Everywhere we turn, we encounter debates over the risks and legality of uses of “private” data by social media mega-businesses like Facebook and Twitter.
Google is the latest culprit to be caught in the spotlight.
The lead technology piece in Saturday’s New York Times zeroed in on Google’s violation of German privacy laws, in connection with the company’s admission that it had systematically harvested private data from households in Europe and the US since 2006 — including email content and websites visited — in the course of capturing drive-by images for Google’s Street View photo archive.
There are already books to teach Internet privacy “survival skills” and software downloads to “erase” your data footprint. It won’t be surprising to find that some are willing to pay generously for services that sanitize their information shadows with virtual lye and steel wool. Privacy will be a scare commodity, and its market value will rise. When privacy becomes monetized, we may assign relative values to our own private information according to the type of information that is protected or made available.
While papers have touched on the potentially inverse relationship that exists between user privacy and the efficacy of Web 2.0 social ranking and recommendation engines, social media engines are only the beginning of what is to come.
For every product aimed at helping to protect information, there are exponentially more designed to extract and use your data. It’s hard to imagine that the pace and trajectory of these types of technologies will not surpass our ability to keep records and activities personal.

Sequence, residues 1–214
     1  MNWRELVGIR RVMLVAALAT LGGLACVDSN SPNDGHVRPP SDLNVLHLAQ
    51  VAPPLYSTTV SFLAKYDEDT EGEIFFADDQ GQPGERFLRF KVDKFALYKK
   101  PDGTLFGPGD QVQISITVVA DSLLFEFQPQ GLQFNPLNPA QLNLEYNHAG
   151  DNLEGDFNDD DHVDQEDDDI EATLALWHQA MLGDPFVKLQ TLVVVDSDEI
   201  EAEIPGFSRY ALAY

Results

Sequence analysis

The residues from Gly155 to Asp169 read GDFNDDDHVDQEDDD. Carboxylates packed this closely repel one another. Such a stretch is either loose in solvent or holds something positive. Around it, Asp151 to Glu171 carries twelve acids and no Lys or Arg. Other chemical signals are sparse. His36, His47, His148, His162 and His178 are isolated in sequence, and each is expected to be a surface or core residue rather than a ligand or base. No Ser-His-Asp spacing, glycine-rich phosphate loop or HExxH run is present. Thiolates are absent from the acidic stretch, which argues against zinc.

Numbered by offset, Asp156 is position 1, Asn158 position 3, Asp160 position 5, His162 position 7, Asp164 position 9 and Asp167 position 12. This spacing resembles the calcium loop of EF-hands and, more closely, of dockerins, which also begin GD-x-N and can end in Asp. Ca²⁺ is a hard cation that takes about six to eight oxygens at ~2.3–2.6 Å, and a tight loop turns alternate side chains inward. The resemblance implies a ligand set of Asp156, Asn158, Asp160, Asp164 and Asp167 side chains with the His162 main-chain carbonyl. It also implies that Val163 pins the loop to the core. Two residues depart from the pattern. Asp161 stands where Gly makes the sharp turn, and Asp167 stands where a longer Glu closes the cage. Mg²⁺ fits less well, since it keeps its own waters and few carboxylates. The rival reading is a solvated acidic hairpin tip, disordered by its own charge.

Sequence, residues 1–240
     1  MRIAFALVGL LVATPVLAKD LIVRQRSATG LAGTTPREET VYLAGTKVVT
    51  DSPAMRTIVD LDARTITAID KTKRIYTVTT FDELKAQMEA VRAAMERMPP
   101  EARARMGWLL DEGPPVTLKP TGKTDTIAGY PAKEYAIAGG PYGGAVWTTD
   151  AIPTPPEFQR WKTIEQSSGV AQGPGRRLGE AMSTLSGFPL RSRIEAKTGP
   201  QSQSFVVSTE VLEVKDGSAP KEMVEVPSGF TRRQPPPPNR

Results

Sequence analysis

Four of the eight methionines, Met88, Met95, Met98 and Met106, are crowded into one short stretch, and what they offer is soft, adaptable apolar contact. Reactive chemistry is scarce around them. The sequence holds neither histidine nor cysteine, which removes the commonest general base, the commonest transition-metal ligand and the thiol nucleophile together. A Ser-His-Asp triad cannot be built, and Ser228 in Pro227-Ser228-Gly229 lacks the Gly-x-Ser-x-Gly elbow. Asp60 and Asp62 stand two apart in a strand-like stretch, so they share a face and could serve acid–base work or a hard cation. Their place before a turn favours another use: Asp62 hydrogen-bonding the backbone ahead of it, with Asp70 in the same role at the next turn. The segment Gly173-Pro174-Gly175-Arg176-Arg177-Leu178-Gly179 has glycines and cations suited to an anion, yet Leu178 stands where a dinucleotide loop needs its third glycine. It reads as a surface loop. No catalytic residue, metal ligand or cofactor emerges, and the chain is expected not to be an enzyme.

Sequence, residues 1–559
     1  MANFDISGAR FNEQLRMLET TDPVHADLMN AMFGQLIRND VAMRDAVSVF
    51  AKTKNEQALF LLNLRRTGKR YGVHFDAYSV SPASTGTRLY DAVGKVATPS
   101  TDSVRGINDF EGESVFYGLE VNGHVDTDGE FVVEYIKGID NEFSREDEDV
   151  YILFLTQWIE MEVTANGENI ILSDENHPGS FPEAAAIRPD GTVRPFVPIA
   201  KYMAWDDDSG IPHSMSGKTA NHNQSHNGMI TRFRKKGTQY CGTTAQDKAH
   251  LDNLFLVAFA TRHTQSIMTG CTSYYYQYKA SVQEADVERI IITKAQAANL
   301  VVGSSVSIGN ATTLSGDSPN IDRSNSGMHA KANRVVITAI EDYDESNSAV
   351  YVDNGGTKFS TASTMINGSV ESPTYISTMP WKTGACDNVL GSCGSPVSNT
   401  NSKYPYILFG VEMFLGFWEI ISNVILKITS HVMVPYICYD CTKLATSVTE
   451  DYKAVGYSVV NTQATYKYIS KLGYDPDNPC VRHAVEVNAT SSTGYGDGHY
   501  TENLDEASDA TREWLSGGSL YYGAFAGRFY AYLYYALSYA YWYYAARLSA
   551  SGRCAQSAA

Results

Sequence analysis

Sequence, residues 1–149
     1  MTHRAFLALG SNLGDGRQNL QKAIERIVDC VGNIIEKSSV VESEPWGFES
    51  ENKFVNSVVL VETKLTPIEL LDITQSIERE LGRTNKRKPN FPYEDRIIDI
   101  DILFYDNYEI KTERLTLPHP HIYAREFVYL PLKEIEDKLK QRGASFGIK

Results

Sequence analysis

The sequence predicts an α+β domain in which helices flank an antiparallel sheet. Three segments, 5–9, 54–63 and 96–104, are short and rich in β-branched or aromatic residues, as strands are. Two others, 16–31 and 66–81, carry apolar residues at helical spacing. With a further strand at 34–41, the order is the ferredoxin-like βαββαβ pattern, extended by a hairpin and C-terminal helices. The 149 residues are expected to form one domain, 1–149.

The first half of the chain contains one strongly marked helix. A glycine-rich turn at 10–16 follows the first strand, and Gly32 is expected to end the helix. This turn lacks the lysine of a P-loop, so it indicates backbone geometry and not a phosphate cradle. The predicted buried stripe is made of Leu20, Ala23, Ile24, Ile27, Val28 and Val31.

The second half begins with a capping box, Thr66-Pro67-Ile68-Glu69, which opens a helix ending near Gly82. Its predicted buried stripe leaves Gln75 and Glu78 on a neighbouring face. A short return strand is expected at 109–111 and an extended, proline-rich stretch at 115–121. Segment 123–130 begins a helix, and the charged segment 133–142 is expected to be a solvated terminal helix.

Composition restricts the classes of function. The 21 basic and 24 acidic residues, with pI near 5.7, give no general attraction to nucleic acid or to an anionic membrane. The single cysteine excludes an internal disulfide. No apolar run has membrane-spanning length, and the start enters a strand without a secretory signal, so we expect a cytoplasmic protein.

One of the great recent innovations in mobile technology — which will have a profound impact on the harnessing and re-use of personal data — is the use of sensors in handheld devices. In a section of their white paper, “Web Squared: Web 2.0 Five Years On,” Tim O’Reilly and John Battelle cover this in the section entitled, “Web Meets World: The ‘Information Shadow’ and the Internet of Things“:
Today’s smartphones contain microphones, cameras, motion sensors, proximity sensors, and location sensors (GPS, cell-tower triangulation, and even in some cases, a compass). These sensors have revolutionized the user interface of standalone applications. . . . But remember: mobile applications are connected applications. The fundamental lessons of Web 2.0 apply to any network application, whether web- or mobile phone-based (and the lines between the two are increasingly blurred). Sensor-based applications can be designed to get better the more people use them, collecting data that creates a virtuous feedback loop that creates more usage.
Beyond the information that is gathered, we must also consider where it resides and travels.
Cloud services for data storage and service provision, including content dissemination, are increasingly necessary for business. Individuals, using services for PC, iPhone, iPad, or other devices, are also turning more often to cloud services for storage, data back-up and retrieval, and information sharing. Examples of consumer cloud-based services are many — popular ones include Google Docs, Mozy, SharePoint, Rackspace, GoodReader, and Slideshare.
A quirky collective of entrepreneurs, business people, and digital thinkers have posted their kaleidoscopic look into the next 10 years of the Web on Slideshare.
Examples of the visions for the next decade:
- “Businesses will redefine virtually every internal process and . . . service they offer customers to leverage wireless access to information and contextual data to create new value for customers.” – Russ McGuire, VP Strategy, Sprint Nextel